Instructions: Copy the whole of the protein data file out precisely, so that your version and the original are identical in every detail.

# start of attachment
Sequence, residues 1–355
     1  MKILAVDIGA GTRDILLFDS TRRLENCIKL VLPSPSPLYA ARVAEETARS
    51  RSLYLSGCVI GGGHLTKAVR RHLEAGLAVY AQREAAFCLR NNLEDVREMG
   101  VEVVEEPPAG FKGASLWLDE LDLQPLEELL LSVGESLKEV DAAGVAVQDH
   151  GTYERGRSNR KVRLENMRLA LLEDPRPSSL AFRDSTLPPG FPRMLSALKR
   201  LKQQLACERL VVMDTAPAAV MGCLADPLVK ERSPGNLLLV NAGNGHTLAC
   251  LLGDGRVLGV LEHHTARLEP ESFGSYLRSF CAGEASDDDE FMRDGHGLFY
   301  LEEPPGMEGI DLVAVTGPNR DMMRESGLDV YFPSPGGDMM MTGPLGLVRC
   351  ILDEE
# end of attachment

Sequence, residues 1–355
     1  MKILAVDIGA GTRDILLFDS TRRLENCIKL VLPSPSPLYA ARVAEETARS
    51  RSLYLSGCVI GGGHLTKAVR RHLEAGLAVY AQREAAFCLR NNLEDVREMG
   101  VEVVEEPPAG FKGASLWLDE LDLQPLEELL LSVGESLKEV DAAGVAVQDH
   151  GTYERGRSNR KVRLENMRLA LLEDPRPSSL AFRDSTLPPG FPRMLSALKR
   201  LKQQLACERL VVMDTAPAAV MGCLADPLVK ERSPGNLLLV NAGNGHTLAC
   251  LLGDGRVLGV LEHHTARLEP ESFGSYLRSF CAGEASDDDE FMRDGHGLFY
   301  LEEPPGMEGI DLVAVTGPNR DMMRESGLDV YFPSPGGDMM MTGPLGLVRC
   351  ILDEE